and LSA senior Jeff Koch said this

event was a good way to start
Earth Week.
"Jazz music is so tied up in is-
sues of multiculturalism and our
unification as a people and a
planet," he said.
The concert was delayed two
hours because of an electrical
problem, which Koch attributed to
a combination of incorrect wiring
and damp ground. As a result, the
first act - Francisco Mora, an
African Cuban ensemble - had to
play acoustically.
Other acts included the 1940s

and 1950s bebop group Teddie
Harris; the avant-garde student
ensemble Kingdom of Not; the
University Creative Arts Or-
chestra; Detroit's Michael Fletch-
er Gospel Chorale, and African
American female jazz ensemble
Straight Ahead.
Paul Keene, School of Music
graduate student, pointed to the
significance of the concert. "This
is important because it draws
people together using music as a
language for people to think about
things," he said.

In addition to the music, vari-
ous groups including En-
vironmental Action (ENACT),
Greenpeace and Amnesty
International sponsored informa-
tion booths. Between acts, repre-
sentatives from these groups
addressed the crowd.
ENACT member and LSA se-
nior Christa Williams said, "Your
education does not stop in the
classroom. In fact, there's so much
more to be learned by going out
into the community and doing
See CONCERT, Page 2

I

*Senate delays
discussion on
Clinton job plan
WASHINGTON (AP) - The Senate took a two-
week recess without approving President Clinton's
$16.3 billion jobs package, despite efforts by
Democrats, including Michigan Sens. Donald Riegle
and Carl Levin.
Debate over the measure is set to resume April 20.
Under an arrangement set up by both parties, each
party at that time will have a chance to offer an
alternative to the job-generating bill.
Republicans want to strip from it the $4 billion
intended to pay for extended benefits for the long-term
unemployed. They also want to trim the jobs portion
and pay for it by cutting other programs.
The jobs section is a key part of Clinton's economic
recovery plan.
Last Monday, Democrats again found enough votes
to end a GOP filibuster that stalled the bill for over a
week. This time, the vote to halt the delays was 11 votes
short of the 60 needed to clear the way for a vote on
final passage.
Levin and Riegle voted with the 49 members.
Riegle attributed the delay to political maneuvering
by Republicans eyeing the White House in four years.

DeBoer case may spur laws
allowing out-of-state adoptions

LANSING (AP) - More is at
stake in a highly publicized battle for
the custody of a 2-year-old girl than
the heart-wrenching issue of who
she'll live with.
Chances for relaxing Michigan's
adoption laws also might hinge on
the dispute between Jan and Roberta
DeBoer, of Ann Arbor, and the girl's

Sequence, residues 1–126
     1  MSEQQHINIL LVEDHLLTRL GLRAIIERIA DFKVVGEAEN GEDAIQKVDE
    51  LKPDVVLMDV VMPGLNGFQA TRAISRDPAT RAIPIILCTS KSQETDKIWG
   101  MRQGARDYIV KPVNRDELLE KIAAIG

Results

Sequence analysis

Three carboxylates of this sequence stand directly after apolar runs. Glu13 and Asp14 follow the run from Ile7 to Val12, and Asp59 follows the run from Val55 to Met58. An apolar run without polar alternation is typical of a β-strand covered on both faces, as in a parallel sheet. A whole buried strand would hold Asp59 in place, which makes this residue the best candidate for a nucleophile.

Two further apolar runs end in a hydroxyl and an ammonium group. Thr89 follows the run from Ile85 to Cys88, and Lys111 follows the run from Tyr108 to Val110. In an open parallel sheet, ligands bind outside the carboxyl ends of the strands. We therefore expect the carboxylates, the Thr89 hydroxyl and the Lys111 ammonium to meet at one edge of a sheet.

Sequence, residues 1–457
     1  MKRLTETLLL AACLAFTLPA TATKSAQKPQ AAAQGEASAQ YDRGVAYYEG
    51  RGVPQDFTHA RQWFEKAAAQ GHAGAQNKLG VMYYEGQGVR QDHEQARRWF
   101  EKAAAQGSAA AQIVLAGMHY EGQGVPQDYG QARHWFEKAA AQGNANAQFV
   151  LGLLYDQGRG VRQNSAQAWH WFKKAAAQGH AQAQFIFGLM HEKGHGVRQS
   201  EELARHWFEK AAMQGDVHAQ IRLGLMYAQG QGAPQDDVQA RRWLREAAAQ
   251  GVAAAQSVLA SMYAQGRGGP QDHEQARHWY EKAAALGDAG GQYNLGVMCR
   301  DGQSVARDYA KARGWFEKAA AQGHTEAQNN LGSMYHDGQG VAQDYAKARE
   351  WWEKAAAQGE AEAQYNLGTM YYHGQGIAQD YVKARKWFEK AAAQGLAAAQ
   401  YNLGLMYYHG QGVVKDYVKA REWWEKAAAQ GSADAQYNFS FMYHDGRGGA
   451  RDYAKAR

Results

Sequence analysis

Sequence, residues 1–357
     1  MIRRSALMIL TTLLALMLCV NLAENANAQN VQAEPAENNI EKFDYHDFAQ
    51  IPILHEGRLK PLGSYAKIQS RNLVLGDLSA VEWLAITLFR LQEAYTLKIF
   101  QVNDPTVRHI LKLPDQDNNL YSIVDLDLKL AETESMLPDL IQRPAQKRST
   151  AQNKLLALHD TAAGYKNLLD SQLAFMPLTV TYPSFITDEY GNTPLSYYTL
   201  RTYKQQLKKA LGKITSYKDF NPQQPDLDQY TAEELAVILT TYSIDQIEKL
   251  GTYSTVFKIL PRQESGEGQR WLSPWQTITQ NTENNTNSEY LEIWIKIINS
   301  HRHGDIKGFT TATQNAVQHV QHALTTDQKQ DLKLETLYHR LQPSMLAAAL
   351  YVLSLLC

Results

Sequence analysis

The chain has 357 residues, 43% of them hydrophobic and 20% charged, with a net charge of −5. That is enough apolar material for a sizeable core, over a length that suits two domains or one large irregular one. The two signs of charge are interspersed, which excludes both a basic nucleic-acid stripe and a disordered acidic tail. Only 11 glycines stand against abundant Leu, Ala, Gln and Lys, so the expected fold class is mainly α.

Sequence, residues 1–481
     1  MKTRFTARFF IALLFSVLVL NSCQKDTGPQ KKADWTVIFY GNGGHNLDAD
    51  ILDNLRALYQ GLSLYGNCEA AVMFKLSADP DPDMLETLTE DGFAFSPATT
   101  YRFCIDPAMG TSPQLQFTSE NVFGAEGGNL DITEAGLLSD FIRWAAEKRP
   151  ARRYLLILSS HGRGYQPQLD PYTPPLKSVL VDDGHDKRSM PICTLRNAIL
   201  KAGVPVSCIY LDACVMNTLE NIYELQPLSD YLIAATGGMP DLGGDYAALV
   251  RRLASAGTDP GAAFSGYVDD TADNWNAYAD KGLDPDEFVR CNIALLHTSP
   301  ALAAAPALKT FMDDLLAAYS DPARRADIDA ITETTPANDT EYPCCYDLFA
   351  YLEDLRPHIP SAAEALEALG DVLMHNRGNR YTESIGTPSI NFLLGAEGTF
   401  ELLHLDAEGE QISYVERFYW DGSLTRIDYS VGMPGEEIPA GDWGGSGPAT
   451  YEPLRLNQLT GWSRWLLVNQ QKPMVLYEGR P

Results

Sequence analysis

biological parents, Daniel and Cara
Schmidt, of Blairstown, Iowa.
"Right now, it would be a logical
and reasonable question to have: Are
we going to be creating one DeBoer
situation after another?" conceded
Monica Linkner of Lathrop Village.
Linkner, a member of Parents for
Private Adoption, said the bitter
DeBoer-Schmidt battle is not a
reason for Michigan lawmakers to
shelve adoption changes proposed

after months of study.
"That situation, unfortunately,
could arise in any case. The reason
this case is so highly publicized is a
measure of how rarely it does
happen," said Linkner, who adopted
a child in a private adoption out of
state.
Currently, Michigan law lets only
agencies do adoptions. Changes
proposed a year ago by a House
Judiciary Committee subcommittee
would permit private, or direct,
adoptions. In those adoptions,
biological parents and adoptive
parents deal with each other with the
help of attorneys.
Backers say birth mothers prefer
private placements because it gives
them, not an agency, final say in
who will adopt their children.

The DeBoers plan to ask the
Michigan Supreme Court to overturn
a 3-0 Michigan Court of Appeals
decision telling them to return the
child.
Three Iowa courts, including the
state Supreme Court, upheld
Schmidt's right to his child.
Last month, a Michigan court's
decision that it would be in the
child's best interest to stay with the
DeBoers was overturned by the state
Court of Appeals. The DeBoers plan
to appeal to the Michigan Supreme
Court.
The Schmidts' attorney, Marian
Faupel, said lawmakers should take
a lesson from the long, bitter fight.
"We think that to the extent
Michigan is considering relaxing its
See ADOPTION, Page 2

Cultural fest showcases dragons, dancers

by Peter Matthews
Daily Staff Reporter

School of Business poet and dancers.
An enthusiastic and ethnicalv-

brotherhood "no matter what color."
School of Music radate student